Webb Simpson Profile
|Born||Aug 08, 1985|
|Birthplace||Raleigh, North Carolina, United States|
Webb Simpson's career has almost been conducted in reverse - he quickly won a first Major and only a few years later did he become one of the PGA Tour's most consistently impressive performers.
One of the PGA Tour's great family men, Webb Simpson converted the promise of his amateur career when he won his first, and to date only, Major at the 2012 US Open.
Six years later he added further garnish to his CV with victory in THE PLAYERS Championship - the so-called "fifth Major".
More than an individual star, Simpson has also represented the United States as both an amateur and a professional with great success.
While still in college, he played his way into the 2007 Walker Cup team, which also featured future PGA Tour stars Rickie Fowler and Dustin Johnson. In the same year, he was selected for the United States' Palmer Cup team.
He has since been a part of three Presidents Cup-winning teams but has been on the losing side in all three Ryder Cups in which he has participated.
Simpson has successfully adapted his game after the decision to ban the anchored putting stroke in 2016, turning the biggest weakness in his game into a strength.
He has also sought an increase in power off the tee in a bid to keep up with the PGA Tour's bombers, but his iron play remains the bedrock of his game.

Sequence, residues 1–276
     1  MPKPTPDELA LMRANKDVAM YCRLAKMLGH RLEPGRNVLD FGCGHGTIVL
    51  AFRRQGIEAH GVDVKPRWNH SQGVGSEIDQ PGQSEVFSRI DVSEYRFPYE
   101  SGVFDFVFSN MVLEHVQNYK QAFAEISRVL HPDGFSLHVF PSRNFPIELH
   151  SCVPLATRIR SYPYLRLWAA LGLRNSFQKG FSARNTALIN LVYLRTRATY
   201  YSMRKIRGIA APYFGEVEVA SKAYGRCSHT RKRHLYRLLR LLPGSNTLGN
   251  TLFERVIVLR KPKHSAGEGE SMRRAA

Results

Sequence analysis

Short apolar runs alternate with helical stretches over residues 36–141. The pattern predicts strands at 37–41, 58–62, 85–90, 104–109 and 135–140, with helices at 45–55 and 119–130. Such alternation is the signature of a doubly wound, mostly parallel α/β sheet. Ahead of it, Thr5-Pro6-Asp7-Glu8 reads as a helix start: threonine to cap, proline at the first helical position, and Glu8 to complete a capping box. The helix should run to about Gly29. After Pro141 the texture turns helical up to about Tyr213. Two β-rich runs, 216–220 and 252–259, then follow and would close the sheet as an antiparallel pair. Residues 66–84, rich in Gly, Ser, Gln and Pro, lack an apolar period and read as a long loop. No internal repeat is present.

In July 2020, he reached a career-high ranking of fourth shortly after claiming his seventh Tour victory at the rescheduled RBC Heritage Classic.
Simpson launched his amateur career while attending Needham B. Broughton High School, earning himself an Arnold Palmer Scholarship to attend Wake Forest University.
While in high school, Simpson won the Cap-7 Conference Player of the Year three times. He then won ACC Freshman of the Year in his first season as a WFU Deacon.
Simpson was also named the 2006 Player of the Year by the Carolinas Golf Association on top of earning medalist honors at the Collegiate Championships.
He was selected for the United States team for the 2006 World Amateur Team Championship but was forced to withdraw from the event with a broken hand.